Article on Frick Electric Program Clock
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March 19, 1895, Fred Frick of Waynesborough, Pennsylvania, was
issued one of two patents by the United
States Patent Office for his Electric Program Clock. His
invention was not just a way to keep time. His clock provided an
improved method to allow schools, colleges, businesses and
factories to ring bells or sound signals so that those inside
and outside the buildings would know that a certain time in
their day was beginning or ending. In a factory the bells might
signal the beginning of a work shift while in a school the bell
might let students know a class was beginning. Why do you think
this was important?
Frick's Electric Program Clock improved on the signaling by
making it happen automatically at a given time or interval which
could be set by the user. The signals (or bells) could be set
for different times on different days or turned off for periods
of time. Programs were created to
control the pattern of the way and times when the signals were
heard. A different pattern of bells could be rung in different
rooms or buildings depending of the user's needs. In his patent
application Frick stated that the objective of his invention was
to produce an "efficient mechanism by means of which
certain predetermined signals can be automatically brought into
and out of action at certain predetermined times." The
Electric Program clock consisted of an eight day clock, a
program disk, a switch mechanism, a spring motor to turn the
program disk and a clock case. There were two grades of program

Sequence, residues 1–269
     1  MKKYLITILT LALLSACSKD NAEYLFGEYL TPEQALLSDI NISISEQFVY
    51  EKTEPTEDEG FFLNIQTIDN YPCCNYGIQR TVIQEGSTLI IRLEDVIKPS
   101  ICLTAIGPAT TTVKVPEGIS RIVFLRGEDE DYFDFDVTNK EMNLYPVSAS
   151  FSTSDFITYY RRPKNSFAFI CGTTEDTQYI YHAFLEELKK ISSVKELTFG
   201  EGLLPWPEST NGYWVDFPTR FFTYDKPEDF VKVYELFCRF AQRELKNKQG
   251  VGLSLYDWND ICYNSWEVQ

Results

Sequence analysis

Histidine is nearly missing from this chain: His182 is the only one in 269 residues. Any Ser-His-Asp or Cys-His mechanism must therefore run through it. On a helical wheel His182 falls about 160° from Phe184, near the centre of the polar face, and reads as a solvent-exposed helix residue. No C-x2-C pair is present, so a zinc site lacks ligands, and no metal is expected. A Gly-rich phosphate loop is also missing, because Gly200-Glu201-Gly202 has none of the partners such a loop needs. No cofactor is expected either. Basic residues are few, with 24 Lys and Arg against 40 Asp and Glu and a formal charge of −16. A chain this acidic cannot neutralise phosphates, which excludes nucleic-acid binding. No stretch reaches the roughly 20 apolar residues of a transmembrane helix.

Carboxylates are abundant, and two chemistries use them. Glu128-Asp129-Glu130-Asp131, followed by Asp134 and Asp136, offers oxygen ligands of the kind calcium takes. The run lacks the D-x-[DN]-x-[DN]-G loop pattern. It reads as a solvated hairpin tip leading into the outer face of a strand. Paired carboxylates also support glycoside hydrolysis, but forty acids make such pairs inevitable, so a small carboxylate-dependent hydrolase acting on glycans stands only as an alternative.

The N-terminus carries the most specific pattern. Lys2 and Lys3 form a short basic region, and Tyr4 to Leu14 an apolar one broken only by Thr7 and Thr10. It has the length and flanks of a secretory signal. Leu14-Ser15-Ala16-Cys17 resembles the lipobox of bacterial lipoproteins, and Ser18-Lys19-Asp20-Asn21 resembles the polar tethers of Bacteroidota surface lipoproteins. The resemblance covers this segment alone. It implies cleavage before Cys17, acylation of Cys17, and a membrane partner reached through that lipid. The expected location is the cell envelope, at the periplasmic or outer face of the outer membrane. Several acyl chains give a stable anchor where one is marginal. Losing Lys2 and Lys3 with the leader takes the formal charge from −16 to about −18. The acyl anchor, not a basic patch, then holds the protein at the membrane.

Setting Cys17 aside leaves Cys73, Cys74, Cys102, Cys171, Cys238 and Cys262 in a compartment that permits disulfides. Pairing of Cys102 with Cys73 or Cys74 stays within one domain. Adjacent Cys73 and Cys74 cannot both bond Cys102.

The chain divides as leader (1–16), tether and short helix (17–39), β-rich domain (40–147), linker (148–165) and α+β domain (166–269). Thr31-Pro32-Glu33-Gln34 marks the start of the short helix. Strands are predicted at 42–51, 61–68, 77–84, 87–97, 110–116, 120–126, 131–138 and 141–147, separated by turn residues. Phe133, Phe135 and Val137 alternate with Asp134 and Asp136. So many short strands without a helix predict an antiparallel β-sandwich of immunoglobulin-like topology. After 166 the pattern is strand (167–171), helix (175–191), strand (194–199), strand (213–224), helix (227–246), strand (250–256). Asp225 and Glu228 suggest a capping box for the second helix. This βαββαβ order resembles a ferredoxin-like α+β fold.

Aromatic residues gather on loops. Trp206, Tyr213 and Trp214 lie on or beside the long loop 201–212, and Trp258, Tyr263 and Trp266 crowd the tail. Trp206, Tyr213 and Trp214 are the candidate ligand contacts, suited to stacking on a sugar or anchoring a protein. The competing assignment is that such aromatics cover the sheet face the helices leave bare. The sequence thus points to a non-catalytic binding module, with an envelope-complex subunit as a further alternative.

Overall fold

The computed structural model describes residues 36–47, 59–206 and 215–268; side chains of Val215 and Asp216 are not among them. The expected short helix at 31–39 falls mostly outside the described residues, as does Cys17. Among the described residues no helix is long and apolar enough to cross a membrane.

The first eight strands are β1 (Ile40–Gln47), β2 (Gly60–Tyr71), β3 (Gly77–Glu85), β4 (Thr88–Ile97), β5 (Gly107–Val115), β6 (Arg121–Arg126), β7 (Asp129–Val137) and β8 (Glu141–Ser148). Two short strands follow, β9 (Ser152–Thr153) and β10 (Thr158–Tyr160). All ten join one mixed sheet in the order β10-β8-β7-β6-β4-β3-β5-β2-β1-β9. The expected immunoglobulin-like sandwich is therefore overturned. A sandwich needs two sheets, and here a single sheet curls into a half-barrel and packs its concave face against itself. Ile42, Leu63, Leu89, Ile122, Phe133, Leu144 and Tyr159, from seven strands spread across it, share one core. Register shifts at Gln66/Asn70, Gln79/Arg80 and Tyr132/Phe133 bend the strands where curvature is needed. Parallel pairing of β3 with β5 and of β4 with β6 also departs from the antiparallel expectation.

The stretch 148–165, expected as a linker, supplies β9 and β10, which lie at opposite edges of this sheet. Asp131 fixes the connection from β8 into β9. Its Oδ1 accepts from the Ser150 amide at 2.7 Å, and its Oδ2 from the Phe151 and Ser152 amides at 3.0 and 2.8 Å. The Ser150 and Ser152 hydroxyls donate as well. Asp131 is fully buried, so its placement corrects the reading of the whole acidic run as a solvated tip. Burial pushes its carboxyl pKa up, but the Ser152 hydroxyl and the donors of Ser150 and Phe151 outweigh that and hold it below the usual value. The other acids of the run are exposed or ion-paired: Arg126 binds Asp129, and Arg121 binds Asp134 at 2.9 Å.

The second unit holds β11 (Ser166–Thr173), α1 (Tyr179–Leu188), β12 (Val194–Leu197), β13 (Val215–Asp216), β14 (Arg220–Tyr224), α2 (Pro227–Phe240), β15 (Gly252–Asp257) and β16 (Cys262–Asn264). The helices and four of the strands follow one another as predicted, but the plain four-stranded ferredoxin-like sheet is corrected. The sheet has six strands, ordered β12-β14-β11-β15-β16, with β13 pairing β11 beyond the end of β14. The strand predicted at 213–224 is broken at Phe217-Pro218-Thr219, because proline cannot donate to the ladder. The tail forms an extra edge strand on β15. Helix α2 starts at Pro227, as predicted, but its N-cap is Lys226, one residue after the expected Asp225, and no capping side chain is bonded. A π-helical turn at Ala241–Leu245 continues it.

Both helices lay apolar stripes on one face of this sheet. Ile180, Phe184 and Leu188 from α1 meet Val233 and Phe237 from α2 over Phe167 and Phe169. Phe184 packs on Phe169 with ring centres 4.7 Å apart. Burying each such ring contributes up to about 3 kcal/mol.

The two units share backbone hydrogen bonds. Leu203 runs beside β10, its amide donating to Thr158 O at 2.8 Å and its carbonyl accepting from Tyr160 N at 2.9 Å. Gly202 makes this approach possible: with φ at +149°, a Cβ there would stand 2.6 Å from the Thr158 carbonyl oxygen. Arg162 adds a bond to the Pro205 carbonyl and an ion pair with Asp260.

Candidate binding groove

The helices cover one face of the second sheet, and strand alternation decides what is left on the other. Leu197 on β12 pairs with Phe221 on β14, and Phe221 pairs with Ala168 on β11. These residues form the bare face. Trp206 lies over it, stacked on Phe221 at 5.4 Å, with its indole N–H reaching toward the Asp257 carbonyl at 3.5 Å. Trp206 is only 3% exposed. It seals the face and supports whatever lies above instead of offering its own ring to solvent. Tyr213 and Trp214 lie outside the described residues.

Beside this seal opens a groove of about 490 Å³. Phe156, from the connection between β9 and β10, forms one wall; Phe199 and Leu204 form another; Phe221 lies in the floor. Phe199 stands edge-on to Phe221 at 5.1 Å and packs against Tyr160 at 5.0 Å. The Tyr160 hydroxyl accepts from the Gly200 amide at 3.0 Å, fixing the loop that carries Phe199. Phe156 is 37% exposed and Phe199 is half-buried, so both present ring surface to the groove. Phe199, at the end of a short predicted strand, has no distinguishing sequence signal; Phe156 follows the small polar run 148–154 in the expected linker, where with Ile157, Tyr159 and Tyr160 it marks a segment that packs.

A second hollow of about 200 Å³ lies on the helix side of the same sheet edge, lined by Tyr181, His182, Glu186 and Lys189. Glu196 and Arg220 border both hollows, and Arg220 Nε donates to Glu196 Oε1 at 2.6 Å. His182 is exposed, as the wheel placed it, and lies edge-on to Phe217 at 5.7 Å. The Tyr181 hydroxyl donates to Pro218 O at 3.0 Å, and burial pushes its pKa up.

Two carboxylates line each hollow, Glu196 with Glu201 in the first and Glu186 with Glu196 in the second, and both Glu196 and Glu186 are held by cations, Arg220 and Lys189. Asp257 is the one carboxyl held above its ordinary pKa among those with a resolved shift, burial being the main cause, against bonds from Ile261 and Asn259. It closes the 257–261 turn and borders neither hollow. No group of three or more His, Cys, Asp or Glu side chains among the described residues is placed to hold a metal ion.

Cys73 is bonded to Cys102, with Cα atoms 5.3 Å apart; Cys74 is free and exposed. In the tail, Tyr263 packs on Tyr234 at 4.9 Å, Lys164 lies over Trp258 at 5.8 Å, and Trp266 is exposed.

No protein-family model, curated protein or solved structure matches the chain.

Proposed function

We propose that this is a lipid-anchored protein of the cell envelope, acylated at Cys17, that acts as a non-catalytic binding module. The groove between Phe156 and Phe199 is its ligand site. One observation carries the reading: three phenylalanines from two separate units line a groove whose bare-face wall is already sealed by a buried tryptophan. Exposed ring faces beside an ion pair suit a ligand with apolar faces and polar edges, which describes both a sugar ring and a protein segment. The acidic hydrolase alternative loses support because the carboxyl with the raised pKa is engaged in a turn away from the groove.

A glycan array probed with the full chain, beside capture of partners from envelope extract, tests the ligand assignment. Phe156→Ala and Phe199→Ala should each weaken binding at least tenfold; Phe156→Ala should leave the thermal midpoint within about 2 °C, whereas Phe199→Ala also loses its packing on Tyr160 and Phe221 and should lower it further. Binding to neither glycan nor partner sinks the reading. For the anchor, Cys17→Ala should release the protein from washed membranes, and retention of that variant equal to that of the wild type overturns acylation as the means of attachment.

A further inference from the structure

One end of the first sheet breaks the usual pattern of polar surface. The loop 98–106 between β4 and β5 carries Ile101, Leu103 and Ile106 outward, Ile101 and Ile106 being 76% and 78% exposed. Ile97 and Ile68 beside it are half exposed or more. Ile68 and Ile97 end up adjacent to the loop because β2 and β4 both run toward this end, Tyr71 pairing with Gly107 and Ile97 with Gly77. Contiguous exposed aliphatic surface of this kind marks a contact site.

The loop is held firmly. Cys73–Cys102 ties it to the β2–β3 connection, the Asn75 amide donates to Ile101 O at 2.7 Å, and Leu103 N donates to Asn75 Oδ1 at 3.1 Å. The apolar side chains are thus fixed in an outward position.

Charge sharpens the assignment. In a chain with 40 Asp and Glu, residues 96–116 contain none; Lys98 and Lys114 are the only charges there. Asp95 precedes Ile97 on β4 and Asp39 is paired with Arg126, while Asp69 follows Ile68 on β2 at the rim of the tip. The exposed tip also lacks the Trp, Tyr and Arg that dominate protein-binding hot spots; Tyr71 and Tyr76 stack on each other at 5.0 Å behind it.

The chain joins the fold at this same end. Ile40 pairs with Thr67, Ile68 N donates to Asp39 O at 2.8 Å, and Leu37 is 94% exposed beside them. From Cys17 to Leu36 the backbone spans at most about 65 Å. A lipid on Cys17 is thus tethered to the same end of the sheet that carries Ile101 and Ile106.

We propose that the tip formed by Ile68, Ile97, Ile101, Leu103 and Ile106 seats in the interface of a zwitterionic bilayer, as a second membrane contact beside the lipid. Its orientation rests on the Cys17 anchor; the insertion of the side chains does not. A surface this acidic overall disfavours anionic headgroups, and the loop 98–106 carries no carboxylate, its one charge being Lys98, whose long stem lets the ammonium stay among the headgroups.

clocks. Grade 1 was the more expensive and it came in a Multa-Program
version (Class A) and an
Automatic Calendar Switch (Class B)
program was set or adjusted through the program disk. The program
disk was a circular metal disc which was capable of opening
and closing electrical circuits. Contact arms or springs were
placed to project from the disk. The ends of the contact arms
were bent so that they would make contact with a series of pins.
When contact between the pin and contact arm was made, the
electric circuit was closed or completed and the bell would
sound. Pins could be inserted into the perforations of the
program disk so that the signals could sound every 5 minutes or
at whatever interval was desired in 5 minute or two and one-half
minute intervals. Today when we hear the term program disk we
think of computer program disks. The meaning of the term has
changed since Frick's time and in many ways the program disks of
today are very different from the Frick program disk. But, even
though the process may be quite different it could be said that
both perform tasks to control the ways things worked.
program disk made a complete revolution in 12 hours. At the end
of each 12 hour period the toothed wheel would move 1 tooth.
There were 14 teeth on the wheel. This meant it would take a
full week - 7 days and 7 nights - to complete the full program
which was set for the clock. This is how bells could be
programmed to be turned off during the night and on the weekends
program disk had a front face with the numbers 1 to 12 on it so
that it looked much like a clock dial. The outer part of the
program disk was thicker and had a series of grooves and
perforations in which the contact pins could be placed. The
arrangement of the pins placed in the disk perforations
determined the program or when the bells would be sounded.
order to protect his new idea, Frick applied for a patent.
Since he was interested in protecting the way his invention was
used and how it operated he needed to apply for an utility
patent rather than a design patent.
He submitted a series of drawings and
a detailed description to the United States Patent Office. He
was granted two patent awards for his Electric Program Clock.
Frederick Frick's received other recognition for his Electric
Program Clock. One of these awards was the Edward Longstreth
Medal of Merit from The Franklin Institute's Committee on
Science and the Arts in 1899. An ABSTRACT about
the clock was published in the Journal of The Franklin Institute
in August of 1899.
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